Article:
Meditation And Sleep: How It Can Help And Where To Draw The Line
Few health practices have received as much attention as meditation in recent years. It’s been hailed as a panacea for ills as diverse as addiction, depression, anxiety, attention deficit disorder, an insomnia. Indeed, the scientific research on meditation is largely positive, and there are good reasons to consider practicing it.
However, as with any health craze, enthusiasts tend to jump the gun. Some advocates of meditation claim that it can actually replace a large portion of the time you need to sleep. It’s at this point that well-meaning advice can become dangerous.
First, it’s worth nothing that there are many different styles and schools of meditation. This makes it hard to do large-scale reviews of "meditation" as a whole, but researchers do what they can to differentiate between them. A popular style for therapeutic purposes is mindfulness meditation, meant to bring about a more "mindful" state of being by way of which we become more reflective, accepting, and overall healthier.
A meta-analysis, or independent review of a large number of studies, confirmed that mindfulness-based therapy (MBT) helps treat a variety of psychological disorders, especially anxiety, depression, and stress. Mindfulness meditation combined with cognitive behavioural therapy (CBT) appears to be very effective in treating insomnia, which is fantastic news.
That’s all well and good, but what about the idea that deep meditation brings about a state similar to sleep, replacing hours you would otherwise spend snoozing? While there has been one preliminary study suggesting that meditation seems to improve alertness in the short-term for sleep deprived patients, its authors caution that much more research is needed to determine whether meditation can actually decrease our need for sleep.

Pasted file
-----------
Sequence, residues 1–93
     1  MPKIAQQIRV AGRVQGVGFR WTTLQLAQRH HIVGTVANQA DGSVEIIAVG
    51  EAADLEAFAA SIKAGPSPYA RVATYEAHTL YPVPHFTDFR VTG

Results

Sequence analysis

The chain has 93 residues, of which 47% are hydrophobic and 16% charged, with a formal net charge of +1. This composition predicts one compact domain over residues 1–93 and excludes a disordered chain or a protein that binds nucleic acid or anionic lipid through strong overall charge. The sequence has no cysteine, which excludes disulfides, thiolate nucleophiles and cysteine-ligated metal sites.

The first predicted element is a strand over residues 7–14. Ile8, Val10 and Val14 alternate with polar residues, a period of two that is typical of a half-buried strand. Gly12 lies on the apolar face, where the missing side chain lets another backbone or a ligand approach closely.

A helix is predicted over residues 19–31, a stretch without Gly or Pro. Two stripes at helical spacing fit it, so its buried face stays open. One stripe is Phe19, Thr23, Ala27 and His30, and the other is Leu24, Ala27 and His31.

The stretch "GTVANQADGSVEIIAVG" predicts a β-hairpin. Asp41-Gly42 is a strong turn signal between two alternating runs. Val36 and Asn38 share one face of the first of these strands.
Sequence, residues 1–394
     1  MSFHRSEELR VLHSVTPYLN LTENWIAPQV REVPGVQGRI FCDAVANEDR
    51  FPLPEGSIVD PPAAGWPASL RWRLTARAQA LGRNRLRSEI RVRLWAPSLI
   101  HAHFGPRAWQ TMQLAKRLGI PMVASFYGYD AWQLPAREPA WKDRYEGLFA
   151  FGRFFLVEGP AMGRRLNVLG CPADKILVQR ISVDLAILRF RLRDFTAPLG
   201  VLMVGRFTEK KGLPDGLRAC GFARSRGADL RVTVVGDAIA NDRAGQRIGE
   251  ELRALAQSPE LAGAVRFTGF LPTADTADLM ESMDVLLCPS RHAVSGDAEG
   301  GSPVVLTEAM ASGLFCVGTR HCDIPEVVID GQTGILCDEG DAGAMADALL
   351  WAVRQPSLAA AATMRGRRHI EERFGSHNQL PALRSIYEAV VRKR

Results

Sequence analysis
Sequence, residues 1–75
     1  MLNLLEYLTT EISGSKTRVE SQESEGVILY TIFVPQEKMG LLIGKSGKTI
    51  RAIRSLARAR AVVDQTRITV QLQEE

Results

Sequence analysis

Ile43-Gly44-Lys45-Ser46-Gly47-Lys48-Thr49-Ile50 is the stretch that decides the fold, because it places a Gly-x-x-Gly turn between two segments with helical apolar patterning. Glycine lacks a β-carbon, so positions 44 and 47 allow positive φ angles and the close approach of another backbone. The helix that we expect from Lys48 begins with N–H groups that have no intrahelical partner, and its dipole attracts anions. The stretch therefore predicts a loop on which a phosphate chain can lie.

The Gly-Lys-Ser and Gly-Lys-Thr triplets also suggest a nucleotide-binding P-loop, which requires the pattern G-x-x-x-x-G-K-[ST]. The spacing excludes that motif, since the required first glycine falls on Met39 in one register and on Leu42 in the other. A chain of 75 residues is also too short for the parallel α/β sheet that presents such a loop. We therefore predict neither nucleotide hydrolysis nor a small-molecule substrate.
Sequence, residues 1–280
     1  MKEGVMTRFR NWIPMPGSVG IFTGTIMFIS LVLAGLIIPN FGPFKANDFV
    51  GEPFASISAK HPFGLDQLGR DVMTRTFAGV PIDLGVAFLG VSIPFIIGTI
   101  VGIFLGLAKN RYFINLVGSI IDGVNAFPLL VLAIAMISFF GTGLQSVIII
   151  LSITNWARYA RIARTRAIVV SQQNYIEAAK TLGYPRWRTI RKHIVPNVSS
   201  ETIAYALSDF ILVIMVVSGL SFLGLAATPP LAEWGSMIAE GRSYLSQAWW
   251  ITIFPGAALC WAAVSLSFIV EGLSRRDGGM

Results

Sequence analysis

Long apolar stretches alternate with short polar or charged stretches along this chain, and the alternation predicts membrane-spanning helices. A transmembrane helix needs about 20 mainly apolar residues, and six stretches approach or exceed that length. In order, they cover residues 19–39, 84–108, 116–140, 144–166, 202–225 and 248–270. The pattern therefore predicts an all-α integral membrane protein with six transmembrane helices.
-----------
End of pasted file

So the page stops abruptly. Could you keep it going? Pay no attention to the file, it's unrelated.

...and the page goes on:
The rest of the evidence for this claim is anecdotal, and there have been no large-scale studies that come anywhere close to reaching this conclusion.
It may or may not be the case that regular meditation reduces the need for sleep, but given the myriad serious health problems associated with sleep deprivation (feel free to peruse our blog for examples), it is not wise to take the risk. Seven to nine hours of undisturbed sleep per night is a standard widely embraced by sleep scientists thanks to decades of research. Meditation has been around for thousands of years, but we’ve only just begun to study it with scientific rigour, so any attempt to treat a serious disorder with meditation should be done under the supervision of a health professional.
If you’re healthy and interested in experimenting with meditation to improve your stress or focus levels, by all means, but we would strongly advise erring on the side of caution when it comes to believing its proponents’ loftier claims.